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The 4 Biggest Skincare Myths Among People of Color

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skincare-dermatologist-brown skin derm-kikam
Dr. Adeline Kikam

Dr. Adeline Kikam was driven to become a board-certified dermatologist because of her own struggles she faced with skincare during adolescence. During her dermatology residency, she launched the social media platform Brown Skin Derm to share scientifically backed skincare advice that specifically caters to Black and Brown women. Here, she dispels some of the most common myths associated with caring for skin of color.

1. Darker skin tones don’t get skin cancer

Skin cancers are less common in people of color compared to Caucasians and tend to occur in non-sun exposed areas of the body. However, we still see UV induced skin cancers in people of color, especially given the wide range of complexions from light to much darker skin tones that exists in Brown people.

When we do get skin cancers, it is worth knowing also that we have the poorest outcome of any group. No skin tone is immune from skin cancer.

    2. People of color don’t get melanoma

    Fact: Melanoma can occur in all people and racial groups. As a matter of fact, people of African descent have the lowest survival rate of melanoma of any racial group in the United States. For Caucasians, most lesions occur in sun-exposed areas of the body, whereas in darker skin patients, they tend to occur more in non-sun-exposed areas.

    In people of color, and Black individuals especially, the most common subtype of melanoma is acral lentiginous melanoma. It typically presents in palmar, plantar, and subungual areas (under nails). On nails, lesions present as solitary, rapidly evolving irregular brown to black linear streaks often greater than three 3mm.

    Advanced stage diagnoses of melanoma are more common in Black and Hispanic people. They have a two- to three-fold higher risk of mortality compared to Caucasians diagnosed at the same stage.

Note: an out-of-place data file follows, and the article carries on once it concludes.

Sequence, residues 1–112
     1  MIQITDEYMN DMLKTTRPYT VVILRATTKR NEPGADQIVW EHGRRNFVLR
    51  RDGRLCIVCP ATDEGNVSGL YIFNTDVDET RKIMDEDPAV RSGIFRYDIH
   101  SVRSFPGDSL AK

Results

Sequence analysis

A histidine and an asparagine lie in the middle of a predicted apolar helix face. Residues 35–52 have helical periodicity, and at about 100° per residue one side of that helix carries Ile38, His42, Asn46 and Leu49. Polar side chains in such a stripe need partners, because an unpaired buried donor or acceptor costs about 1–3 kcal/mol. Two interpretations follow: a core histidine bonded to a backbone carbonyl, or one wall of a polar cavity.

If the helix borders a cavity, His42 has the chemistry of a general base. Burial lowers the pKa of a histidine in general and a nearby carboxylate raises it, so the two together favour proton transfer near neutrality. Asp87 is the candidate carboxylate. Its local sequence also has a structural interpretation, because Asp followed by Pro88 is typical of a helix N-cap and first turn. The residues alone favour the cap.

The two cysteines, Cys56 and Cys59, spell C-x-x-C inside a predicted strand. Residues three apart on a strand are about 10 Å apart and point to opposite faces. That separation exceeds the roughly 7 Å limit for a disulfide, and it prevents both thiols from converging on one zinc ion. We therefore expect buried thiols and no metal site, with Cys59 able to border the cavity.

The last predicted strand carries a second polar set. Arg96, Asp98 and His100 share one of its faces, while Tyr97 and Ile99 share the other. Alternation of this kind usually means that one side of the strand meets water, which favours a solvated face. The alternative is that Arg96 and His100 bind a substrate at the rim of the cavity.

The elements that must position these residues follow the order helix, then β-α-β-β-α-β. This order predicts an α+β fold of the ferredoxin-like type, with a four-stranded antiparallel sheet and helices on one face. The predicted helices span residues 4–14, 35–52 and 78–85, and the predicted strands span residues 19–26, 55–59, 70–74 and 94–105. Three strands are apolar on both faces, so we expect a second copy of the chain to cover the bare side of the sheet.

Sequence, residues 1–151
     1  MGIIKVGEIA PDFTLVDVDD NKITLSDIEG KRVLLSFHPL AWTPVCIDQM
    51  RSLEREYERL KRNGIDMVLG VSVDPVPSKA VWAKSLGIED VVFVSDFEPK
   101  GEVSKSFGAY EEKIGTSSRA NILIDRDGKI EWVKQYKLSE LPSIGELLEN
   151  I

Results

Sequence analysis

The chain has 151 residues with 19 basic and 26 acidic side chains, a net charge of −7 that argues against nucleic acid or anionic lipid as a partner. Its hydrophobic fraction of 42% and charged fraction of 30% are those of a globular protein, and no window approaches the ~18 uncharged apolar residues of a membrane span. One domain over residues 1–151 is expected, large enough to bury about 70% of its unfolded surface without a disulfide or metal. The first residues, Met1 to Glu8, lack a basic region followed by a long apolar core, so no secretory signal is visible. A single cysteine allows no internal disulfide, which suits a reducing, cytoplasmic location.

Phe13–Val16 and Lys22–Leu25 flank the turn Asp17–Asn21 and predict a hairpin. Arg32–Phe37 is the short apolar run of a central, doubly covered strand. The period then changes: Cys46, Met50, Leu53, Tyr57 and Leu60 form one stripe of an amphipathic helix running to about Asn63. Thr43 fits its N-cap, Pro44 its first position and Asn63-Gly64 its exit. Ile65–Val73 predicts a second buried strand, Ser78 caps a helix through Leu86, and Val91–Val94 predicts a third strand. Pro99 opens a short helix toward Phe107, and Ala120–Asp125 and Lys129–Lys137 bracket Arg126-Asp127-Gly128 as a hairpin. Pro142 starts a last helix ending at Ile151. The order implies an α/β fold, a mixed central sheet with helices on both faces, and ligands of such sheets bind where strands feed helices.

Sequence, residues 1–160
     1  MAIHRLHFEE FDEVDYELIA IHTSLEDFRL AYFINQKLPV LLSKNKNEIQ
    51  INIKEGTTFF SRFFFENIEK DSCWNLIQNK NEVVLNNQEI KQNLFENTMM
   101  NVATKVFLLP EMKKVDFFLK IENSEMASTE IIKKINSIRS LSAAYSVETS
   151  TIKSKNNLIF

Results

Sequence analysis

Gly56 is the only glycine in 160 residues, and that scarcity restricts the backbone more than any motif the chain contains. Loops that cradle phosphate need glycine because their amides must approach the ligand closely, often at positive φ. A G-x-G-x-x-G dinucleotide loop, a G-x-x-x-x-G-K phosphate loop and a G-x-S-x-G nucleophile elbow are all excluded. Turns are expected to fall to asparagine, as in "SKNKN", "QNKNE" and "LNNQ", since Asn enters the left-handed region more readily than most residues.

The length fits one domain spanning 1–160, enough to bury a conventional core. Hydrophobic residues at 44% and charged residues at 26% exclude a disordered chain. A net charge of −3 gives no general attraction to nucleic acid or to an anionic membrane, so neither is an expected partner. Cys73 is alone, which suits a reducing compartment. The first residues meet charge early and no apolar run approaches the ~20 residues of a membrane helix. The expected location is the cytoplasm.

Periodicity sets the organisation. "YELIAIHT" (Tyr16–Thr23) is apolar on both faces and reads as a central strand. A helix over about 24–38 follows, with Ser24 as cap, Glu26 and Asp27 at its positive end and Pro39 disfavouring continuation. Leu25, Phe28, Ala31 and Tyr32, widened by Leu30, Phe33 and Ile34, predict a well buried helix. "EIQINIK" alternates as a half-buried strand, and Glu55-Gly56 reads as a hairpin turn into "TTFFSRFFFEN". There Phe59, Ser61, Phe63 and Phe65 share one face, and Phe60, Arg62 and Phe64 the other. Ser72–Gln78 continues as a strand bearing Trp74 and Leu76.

Regular self-skin exams, as well as yearly skin checks by dermatologists with particular attention to pigmented lesions in non-sun exposed acral areas, mouth, and genitalia in people of color is important.

    3. Skin of color does not need sunscreen

    The misconception that melanin in our skin is all-protective and we don’t need sunscreen is pervasive. Black and Brown people have increased melanin that offers some measure of protection from the sun’s harmful rays, but it is not all-protective as many would like to believe.

    Overexposure to UV radiation can induce DNA damage, resulting in sunburns, premature aging, worsened hyperpigmentation by overstimulating melanin production, and skin cancers. These are all conditions people of color are susceptible to and whose risks are decreased with proper sun protection.

    Sunscreens are effective in preventing skin cancer, sunburns, premature aging, and hyperpigmentation. The American Academy of Dermatology recommends using a broad-spectrum SPF of at least 30, reapplied every 2 hours for adequate protection against the impact of UVR on every skin tone.

    4. Skin of color does not get sunburns

    It takes longer exposure for skin of color to burn, but prolonged sun exposure can eventually lead to sunburns. Sunburn in a very light-skinned person may occur in less than 15 minutes of noonday sun exposure, while a dark-skinned person may tolerate the same exposure for hours.

    Because darker skin and/or skin of color can mask the erythema or redness of UVR-induced inflammation during sunburns, active sunburn may go unnoticed by individuals of color, leading to continued sun exposure in the setting of active sunburn.  

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